Gabi Abrao, better known as @sighswoon on Instagram, is “developing a language with the invisible.” Her page is half memes, half photos of her—eating fresh fruit, or trying out a metal detector, or posing in a museum bathroom wearing an incredible maxi dress, or staring sleepily into the middle distance in a satin pollution mask—often accompanied by poetic text about the past, the present, and the universe.
She has close to 94,000 followers, about 400 of whom are her “Close Friends,” a privilege won by paying $3.33 a month on Patreon. Those followers get access to exclusive “rants, theories, and personal updates,” including “silly details” of Abrao’s love life, big ideas about “existence and wellness,” and poetry and prose from her personal archives. She’s one of many who have figured out that the Instagram feature—originally intended as something like an image-based inner-circle group text—can also be used to make some extra money.
“We’ve definitely heard about it. We would recommend it,” says Danielle Wiley, CEO of the San Francisco influencer agency Sway Group. “We support whatever [influencers] can do to make money.”
Many of the Instagram users who have caught on to this financial hack are lifestyle influencers charging money for friendship at its most literal—broken down into its component parts, which are then sorted into various tiers of ascending value. (Like high school!) Others are artists and creative types funding specific projects, charging $1 a month for behind-the-scenes content on their cosplay or illustration accounts. Podcasts and YouTube channels with loyal followings charge for extra, more intimate access to their hosts. Former venture capitalist Jenny Gyllander, who now runs the product-review Instagram account @thingtesting as her full-time job, offers a $100 lifetime membership to her Close Friends list—300 people have signed up, and she’s now working her way down a waiting list.
There’s a precedent for this: Erotic models have long offered “Premium Snapchat” subscriptions as a jerry-rigged but safer way to sell nude photography to a curated customer base. (An Instagram spokesperson says the company has no plans to add its own on-platform payment options.) At any rate, Wiley argues that the only weird thing about these arrangements should be the name Instagram chose for the feature. “In calling it Close Friends, Instagram is making it creepier than it has to be,” she says. “It’s not really Close Friends; it’s gated content. Influencers have just figured out a way to hack [the feature] into something that fits in with their business model,” she adds.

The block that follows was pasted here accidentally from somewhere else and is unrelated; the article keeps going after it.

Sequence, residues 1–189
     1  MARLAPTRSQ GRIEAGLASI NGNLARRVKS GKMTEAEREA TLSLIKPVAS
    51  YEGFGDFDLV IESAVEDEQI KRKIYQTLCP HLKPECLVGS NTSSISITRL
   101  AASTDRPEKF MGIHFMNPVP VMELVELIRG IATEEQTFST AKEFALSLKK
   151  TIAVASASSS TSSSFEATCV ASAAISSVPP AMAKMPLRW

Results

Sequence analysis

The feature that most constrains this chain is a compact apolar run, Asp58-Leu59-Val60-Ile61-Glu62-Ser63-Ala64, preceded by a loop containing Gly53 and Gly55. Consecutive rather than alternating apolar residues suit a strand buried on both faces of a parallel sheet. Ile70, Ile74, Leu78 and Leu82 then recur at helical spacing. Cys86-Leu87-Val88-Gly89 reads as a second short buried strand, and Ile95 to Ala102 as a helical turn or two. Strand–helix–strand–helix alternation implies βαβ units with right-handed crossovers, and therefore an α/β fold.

Close Friends was introduced in November 2018 as a way to help users deal with context collapse—the uncomfortable reality that not everything a person might post will be received the same way by everyone who could stumble across it. (And, more uncomfortable, for Instagram: that this might cause people to post less.) Employers and admissions officers typically lack a reverence for thirst traps and deep-fried memes; influencers with the incentive to appeal to a broad audience can’t drop the mask or post in-jokes to their actual friends. Inspired by the years-long rise of secret, secondary “finsta” accounts, Close Friends was also a transparent move to recapture the interest of young people who consider Snapchat the best safe space for content they don’t want parents and teachers and lurking weirdos to see.
It wasn’t really supposed to be about money for anyone other than Instagram, but as with Facebook’s before it, Instagram’s choice to officially brand the word friend is not a neutral one. Designating a type of relationship as a feature of an app is going to have strange consequences.
The perfect case study of the implications of Close Friends subscriptions is Caroline Calloway. Calloway, the influencer famous for extremely long captions about her improbably charmed and romantic life (and more recently for a prolonged and confusing debate about whether she’s a scammer or just a mess), started offering her 797,000 followers the option of exclusive paid access to her Close Friends list in August.
Followers who paid $2 a month would become Close Friends, in the Instagram definition of the word, and those who paid $100 a month would become Closest Friends—meaning they would also get a one-hour monthly Skype call. (Calloway offered only 20 spots in the latter group because “there are only so many hours in a month.”) She currently has 342 Close Friends, and her Patreon page promises that when she hits 400 she’ll do an exclusive “orchid hair tutorial.”
As with everything Calloway has done in the past several months, the move was controversial. “Every time I think that Caroline Calloway can’t top her current shenanigans, she just does,” one follower tweeted. “She’s selling friendship on Patreon. Friendship!” Two days into the Close Friends experiment, Calloway posted a photo of her manager and his assistant manually adding people to her Close Friends list for her, which seemed to undercut the friendship proposition even further. (Calloway did not respond to an interview request.)
Mina Hughes, a 22-year-old student in Texas, told me she subscribed out of irrepressible curiosity. Given the extreme intimacy of all that Calloway had already shared, she asked, “How could I not want to see what she deems private enough to put behind a paywall?” But Calloway hasn’t posted much since the first week of the fee, according to Hughes, and most of the content showed up again on her public story later.
“I want to cancel it because it’s ridiculous to keep giving her my money that I actually work for,” Hughes said. But she’s still holding out hope—soon Calloway is going to post something truly bizarre and spectacular, and only a few hundred people will see it.